A new study suggests that digital technology is helping the NHS save money and increase patient care.

This is according to a new report, commissioned by the Department of Health from PriceWaterhouseCoopers, which found that measures such as more use of text messages for negative test results, electronic prescribing and electronic patient records could improve care, allow health professionals to spend more time with patients and save billions of pounds.

In fact the report says that a potential £4.4 billion per year could be reinvested in improving care by making better use of information and technology.

However, PwC warns that “significant further work is required to further substantiate some of the evaluations of potential benefit, and especially the evaluations of potential financial benefit”. It added that this work should be completed before the broad implementation of the recommended actions commences.

Among the positive cases highlighted in the report include the Royal National Orthopaedic Hospital, which conducted a trial of a system that asks spinal surgery patients to record their progress on an iPad while in hospital, then at home through an online system after being discharged.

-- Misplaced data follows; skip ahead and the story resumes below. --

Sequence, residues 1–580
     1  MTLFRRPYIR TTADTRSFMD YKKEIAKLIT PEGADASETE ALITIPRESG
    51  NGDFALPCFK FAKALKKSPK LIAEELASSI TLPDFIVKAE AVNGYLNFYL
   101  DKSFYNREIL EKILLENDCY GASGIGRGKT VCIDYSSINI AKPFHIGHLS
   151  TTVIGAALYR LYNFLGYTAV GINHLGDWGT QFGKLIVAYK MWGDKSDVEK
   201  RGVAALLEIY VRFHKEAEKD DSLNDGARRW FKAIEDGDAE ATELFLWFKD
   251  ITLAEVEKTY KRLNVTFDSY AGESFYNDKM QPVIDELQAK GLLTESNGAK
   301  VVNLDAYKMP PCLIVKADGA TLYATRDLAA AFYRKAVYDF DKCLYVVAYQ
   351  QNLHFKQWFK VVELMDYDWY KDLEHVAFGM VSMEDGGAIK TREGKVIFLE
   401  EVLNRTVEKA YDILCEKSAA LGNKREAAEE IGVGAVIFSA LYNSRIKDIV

This created an estimated 300 new outpatient appointment slots per consultant surgeon per year – 95% of patients preferred the new online process to the traditional pen and paper method.

The report also makes mention that Doncaster and Bassetlaw Hospitals brought in an electronic prescribing system, which meant that the accuracy of prescriptions was increased and they estimated the system could reduce potential adverse reactions to drugs by up to 60 per cent.

The report was asked to highlight the potential benefits that could be achievable through the more efficient and effective use of information and technology in the NHS and social care before any action is taken. The review was completed between the 17 December 2012 and the 14 January, 2013.

This comes in the same week that the health secretary Jeremy Hunt announced the UK Government’s continued push to have the NHS go paperless by 2018, and his plans to allow all medical records to go digital by 2015.

For the full report, go here.